About Myrrh Essential Oil

myrrh essential oil uses health benefits science research by

Myrrh is most commonly known as one of the gifts (along with gold and frankincense) the three Wise Men brought to Jesus in the New Testament.

Myrrh is the aromatic resin of a number of small, thorny tree species of the genus Commiphora, which is an essential oil termed an oleoresin. Myrrh resin is a natural gum. It has been used throughout history as a perfume, incense and medicine. Myrrh mixed with wine can also be ingested.

The myrrh tree is distinctive due to its white flowers and knotted treetrunk. At times, the tree has very few leaves due to the dry desert conditions where it grows. It can sometimes take on an odd and twisted shape due to the harsh weather and wind.

In order to harvest myrrh the tree trunks must be cut into to release the resin. The resin is allowed to dry and begins to look like tears all along the tree trunk. The resin is then collected and the essential oil is made from the sap via steam distillation.

It has been used for centuries for its internal and external health benefits. While it is known to hold powerful cleansing properties, particularly for the throat and mouth, Myrrh essential oil can also be used to support well-being and emotional balance.It is also soothing to the skin—promoting a smooth, youthful-looking complexion.

Ancient records show that Myrrh was deemed so valuable that at times it was valued at its weight in gold. Myrrh has been used throughout history as a perfume, incense, and health aid. It was also employed in embalming and religious ceremonies.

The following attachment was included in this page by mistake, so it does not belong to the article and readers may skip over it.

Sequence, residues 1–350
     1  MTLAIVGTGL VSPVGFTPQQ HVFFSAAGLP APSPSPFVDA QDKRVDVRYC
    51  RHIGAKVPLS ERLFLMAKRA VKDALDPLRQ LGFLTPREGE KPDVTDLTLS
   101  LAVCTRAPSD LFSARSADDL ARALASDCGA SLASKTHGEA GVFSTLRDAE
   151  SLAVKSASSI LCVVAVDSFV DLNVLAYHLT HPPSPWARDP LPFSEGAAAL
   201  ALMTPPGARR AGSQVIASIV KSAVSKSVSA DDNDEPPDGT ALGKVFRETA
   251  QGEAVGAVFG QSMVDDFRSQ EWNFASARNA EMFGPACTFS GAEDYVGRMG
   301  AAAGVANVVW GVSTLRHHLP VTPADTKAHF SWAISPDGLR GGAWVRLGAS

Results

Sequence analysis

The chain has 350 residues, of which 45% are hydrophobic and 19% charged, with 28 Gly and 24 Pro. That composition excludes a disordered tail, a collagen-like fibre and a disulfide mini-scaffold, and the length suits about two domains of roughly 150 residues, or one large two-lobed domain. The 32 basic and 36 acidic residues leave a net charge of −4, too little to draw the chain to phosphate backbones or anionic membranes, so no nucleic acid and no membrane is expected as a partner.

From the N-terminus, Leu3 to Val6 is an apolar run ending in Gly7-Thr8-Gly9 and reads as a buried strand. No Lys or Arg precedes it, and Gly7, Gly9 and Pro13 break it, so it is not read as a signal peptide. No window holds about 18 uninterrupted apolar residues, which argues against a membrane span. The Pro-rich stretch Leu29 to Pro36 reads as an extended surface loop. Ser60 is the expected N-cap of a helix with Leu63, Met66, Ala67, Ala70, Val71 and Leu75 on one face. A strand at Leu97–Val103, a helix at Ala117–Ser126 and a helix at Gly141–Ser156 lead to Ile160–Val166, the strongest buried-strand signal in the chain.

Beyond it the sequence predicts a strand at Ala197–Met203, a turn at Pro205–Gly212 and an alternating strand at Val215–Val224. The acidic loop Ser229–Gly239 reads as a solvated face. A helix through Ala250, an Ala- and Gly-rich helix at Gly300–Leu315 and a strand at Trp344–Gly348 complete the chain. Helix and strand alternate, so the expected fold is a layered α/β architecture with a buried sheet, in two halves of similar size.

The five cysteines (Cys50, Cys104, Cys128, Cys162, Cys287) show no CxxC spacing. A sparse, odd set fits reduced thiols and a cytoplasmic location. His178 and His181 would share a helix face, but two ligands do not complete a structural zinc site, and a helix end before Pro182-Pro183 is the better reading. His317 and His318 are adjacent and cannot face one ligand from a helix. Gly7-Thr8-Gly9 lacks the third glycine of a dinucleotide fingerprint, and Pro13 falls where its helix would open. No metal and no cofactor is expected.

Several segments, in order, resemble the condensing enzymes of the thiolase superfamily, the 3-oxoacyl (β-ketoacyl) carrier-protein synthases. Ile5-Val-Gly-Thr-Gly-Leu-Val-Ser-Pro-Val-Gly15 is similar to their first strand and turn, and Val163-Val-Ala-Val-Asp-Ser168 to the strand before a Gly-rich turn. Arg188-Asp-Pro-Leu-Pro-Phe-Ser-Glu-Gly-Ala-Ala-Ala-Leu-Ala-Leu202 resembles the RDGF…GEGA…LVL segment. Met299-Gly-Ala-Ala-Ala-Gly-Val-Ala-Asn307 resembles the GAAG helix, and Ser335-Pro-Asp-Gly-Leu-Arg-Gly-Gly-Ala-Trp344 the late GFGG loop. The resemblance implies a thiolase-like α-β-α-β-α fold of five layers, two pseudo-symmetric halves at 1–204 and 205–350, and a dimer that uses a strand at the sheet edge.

Myrrh oil has a smoky, sweet or sometimes bitter smell. The word myrrh comes from the Arabic word “murr” meaning bitter. The oil is a yellowish, orange color with a viscous consistency. It is commonly used as a base for perfume and other fragrances.

Scientific Research on the Benefits of Myrrh Essential Oil

What does the scientific research say about the benefits of Myrrh?

Well, I can’t say specifically. The FDA won’t let me because they don’t regulate essential oils. So, if you’d like to learn about the research, you have two choices:

  1. Contact me now and I’ll tell you all about it personally. It’s free, you have no obligation, and I promise–no…I guarantee–it will be worth your time.
  2. Go this government website and search. You can use phrases like “myrrh essential oil“. It’s quite simple and you’ll find some very interesting information.

Common Uses

  • Add 1–2 drops to toothpaste for added cleansing benefits.
  • Diffuse to help promote awareness and lift your mood.
  • Add to your lotion/moisturizer to help reduce the appearance of fine lines and wrinkles.
  • Add 1–2 drops to ¼ cup of water with a little agave or honey to help ease the stomach.

Directions for Use

  • Diffusion: Use three to four drops in the best essential oil diffuser of your choice.
  • Internal use: Dilute one drop in 4 fl. oz. of liquid.
  • Topical use: Apply one to two drops to desired area.

Primary Benefits

  • Powerful cleansing properties, especially for the mouth and throat
  • Soothing to the skin; promotes a smooth, youthful-looking complexion
  • Promotes emotional balance and well-being

Aromatic Description: Hot, smoky, herbaceous, woody, dry
Collection Method: Steam Distillation
Plant Part: Resin
Main Constituents: Furanoedudesma 1, 3-diene, curzerene